MuskogeePhoenix.com, Muskogee, OK

Columns

August 24, 2008

Hugo defends federal lawsuit over water sale

The city of Hugo, along with the Hugo Municipal Authority, has entered into a water purchase and sale agreement with the city of Irving, Texas. For that transaction to succeed, however, Hugo must first overcome an obstacle thrown in its path by Oklahoma's legislature - a moratorium on out-of-state sales that has now resulted in federal constitutional litigation.

The facts relating to how Hugo came to find itself in the middle of an Oklahoma water controversy have never been published. They have been told, repeatedly, but for a variety of reasons, mostly territorial and political, Oklahoma citizens have not heard Hugo's story.

Back in 1992 the Oklahoma Legislature overwhelmingly passed Senate Joint Resolution 31, which noted legislative approval of the sale of Sardis and Kiamichi River water to Texas. The bill was strongly supported by the Oklahoma Water Resources Board and its Director Patty Eaton. No sale to Texas followed at the time, however, because, as Eaton explained in official correspondence to Lt. Gov. Jack Mildren, "Unfortunately, no user has come forward to contract for this water." The absence of a sale left the state in significant debt to the Corps of Engineers - a debt that remains to this day.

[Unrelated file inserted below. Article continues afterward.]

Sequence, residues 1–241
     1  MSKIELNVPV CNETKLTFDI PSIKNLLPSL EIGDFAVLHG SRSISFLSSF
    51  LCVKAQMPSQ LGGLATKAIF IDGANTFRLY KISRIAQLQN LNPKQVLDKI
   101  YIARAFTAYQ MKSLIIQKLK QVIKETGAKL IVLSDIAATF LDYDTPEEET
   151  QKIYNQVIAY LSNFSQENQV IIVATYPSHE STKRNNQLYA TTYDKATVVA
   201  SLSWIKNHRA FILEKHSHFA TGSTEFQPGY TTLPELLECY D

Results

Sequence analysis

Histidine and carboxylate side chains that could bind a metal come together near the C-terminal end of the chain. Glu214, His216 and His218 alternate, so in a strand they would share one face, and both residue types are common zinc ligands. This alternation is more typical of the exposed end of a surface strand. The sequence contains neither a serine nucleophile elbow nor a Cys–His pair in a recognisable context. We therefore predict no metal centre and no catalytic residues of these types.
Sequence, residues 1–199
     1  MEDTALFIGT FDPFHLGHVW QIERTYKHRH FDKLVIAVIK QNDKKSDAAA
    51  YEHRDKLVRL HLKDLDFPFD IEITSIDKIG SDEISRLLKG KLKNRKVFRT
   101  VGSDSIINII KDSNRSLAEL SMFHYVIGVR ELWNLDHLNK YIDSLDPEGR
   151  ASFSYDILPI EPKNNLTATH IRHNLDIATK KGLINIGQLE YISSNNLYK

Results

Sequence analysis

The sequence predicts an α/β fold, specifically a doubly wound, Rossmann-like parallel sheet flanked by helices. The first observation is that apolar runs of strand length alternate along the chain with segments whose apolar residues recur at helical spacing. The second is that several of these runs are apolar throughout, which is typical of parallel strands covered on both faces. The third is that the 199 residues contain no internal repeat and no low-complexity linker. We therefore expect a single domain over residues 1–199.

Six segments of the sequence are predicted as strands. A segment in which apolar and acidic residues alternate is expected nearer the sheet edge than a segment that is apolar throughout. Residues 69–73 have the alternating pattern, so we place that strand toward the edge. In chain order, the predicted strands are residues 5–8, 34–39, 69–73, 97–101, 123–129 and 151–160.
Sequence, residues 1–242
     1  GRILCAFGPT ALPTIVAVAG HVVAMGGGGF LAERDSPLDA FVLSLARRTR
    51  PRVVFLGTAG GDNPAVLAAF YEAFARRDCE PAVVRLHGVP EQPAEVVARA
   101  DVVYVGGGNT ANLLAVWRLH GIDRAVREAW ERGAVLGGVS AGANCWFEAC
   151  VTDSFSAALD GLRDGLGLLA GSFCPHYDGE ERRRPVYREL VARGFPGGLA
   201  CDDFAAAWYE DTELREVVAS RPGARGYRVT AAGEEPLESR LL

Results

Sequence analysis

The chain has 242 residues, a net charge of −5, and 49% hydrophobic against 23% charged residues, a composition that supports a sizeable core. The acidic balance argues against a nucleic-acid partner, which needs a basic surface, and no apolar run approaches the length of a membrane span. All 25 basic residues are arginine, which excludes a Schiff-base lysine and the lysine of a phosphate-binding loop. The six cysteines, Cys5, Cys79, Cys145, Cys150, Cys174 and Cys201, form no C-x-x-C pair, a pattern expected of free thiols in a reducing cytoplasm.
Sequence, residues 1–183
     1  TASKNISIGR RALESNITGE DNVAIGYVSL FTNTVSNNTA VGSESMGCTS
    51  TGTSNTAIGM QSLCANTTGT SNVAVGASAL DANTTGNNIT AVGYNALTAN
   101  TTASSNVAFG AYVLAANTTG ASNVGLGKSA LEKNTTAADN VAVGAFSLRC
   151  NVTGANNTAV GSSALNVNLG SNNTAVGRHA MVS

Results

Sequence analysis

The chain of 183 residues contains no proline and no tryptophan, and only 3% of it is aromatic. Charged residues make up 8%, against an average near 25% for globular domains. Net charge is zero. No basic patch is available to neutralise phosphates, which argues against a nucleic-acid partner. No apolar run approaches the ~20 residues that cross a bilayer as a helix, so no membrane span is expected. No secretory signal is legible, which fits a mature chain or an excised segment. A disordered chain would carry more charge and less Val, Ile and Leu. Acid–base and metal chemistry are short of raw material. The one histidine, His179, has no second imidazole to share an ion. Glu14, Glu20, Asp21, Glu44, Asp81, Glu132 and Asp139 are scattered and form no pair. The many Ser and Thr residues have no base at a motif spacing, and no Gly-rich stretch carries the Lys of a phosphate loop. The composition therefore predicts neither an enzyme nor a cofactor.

Ironically, Hugo is presently being taken to task for taking exactly the same position that the Water Resources Board and its director took in April, 1992 and the same path that the Oklahoma Legislature took when it passed SJR 31 on May 6, 1992.

In the absence of an out-of-state water sale, and fearful that Hugo Lake would fall under control of sources outside the basin which would not respect the lake's importance to the regional tourism economy, Hugo citizens explored ways to protect their beautiful lake and its vital economic role.

Hugo first approached the Tulsa Corps of Engineers concerning the possibility of "buying" additional storage, in effect raising the normal lake level from 404.5 feet mean sea level, to 409 feet, which was authorized by Congress when the lake was built.

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